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Effects of herbivory and nutrients on the early colonization of crustose coralline and fleshy algae
Belliveau, S.A.; Paul, V.J. (2002). Effects of herbivory and nutrients on the early colonization of crustose coralline and fleshy algae. Mar. Ecol. Prog. Ser. 232: 105-114
In: Marine Ecology Progress Series. Inter-Research: Oldendorf/Luhe. ISSN 0171-8630, more
Peer reviewed article  

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  • Belliveau, S.A.
  • Paul, V.J.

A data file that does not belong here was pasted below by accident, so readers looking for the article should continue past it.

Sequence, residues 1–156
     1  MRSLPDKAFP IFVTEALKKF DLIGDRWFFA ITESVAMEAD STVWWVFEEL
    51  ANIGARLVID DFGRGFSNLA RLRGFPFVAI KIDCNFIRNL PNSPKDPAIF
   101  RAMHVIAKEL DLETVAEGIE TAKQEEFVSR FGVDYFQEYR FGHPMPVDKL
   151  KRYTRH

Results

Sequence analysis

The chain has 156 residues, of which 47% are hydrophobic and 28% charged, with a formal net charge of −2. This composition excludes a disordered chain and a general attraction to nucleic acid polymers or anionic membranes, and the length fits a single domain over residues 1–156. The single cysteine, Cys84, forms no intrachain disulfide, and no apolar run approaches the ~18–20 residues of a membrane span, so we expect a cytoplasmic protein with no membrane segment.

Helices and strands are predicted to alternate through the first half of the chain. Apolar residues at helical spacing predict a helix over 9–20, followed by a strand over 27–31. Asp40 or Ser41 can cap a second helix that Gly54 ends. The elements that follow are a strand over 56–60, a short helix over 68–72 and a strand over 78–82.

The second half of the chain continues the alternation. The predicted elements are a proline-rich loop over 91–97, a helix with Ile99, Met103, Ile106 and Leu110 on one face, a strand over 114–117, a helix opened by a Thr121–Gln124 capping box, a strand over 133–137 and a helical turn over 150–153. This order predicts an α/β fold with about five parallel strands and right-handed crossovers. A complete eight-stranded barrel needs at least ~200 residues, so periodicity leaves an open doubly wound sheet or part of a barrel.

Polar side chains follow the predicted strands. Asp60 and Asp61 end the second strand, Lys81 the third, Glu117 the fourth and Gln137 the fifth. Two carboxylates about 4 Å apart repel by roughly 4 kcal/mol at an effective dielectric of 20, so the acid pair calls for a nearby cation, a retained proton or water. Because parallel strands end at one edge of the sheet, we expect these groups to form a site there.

The persistence of phase shifts from coral-dominated to macroalgae-dominated communities following disturbances has been largely attributed to reduction of herbivores and eutrophication on tropical coral reefs. The influence of reduced herbivory and increased nutrients and their combined interactions on the colonization of crustose coralline algae (CCA) and fleshy algae onto settlement tiles was studied for effects on community structure. Cages were used to manipulate herbivory, and slow-release fertilizer was used for nutrient enrichment. The responses of the following variables were measured at 2 adjacent reefs in Guam, Mariana Islands: percentage cover of CCA, fleshy algal biomass, coral recruitment, and sediment load. Fleshy algal biomass and sediment were greatest on tiles where herbivores were excluded, whereas CCA were most abundant on tiles exposed to herbivores. Nutrients did not have a significant effect on fleshy algae; however, CCA had a lower level of increase in response to increased nutrients at 1 site. Coral recruitment was low; therefore, preferential settlement to substratum type was indeterminable. This study demonstrates that herbivory, in particular, can have a marked effect on the initial composition of the benthic community, even over a relatively short time span. Moreover, the inverse relationship between CCA and both fleshy algae and sediment has implications for the recruitment of organisms with reliance on CCA.

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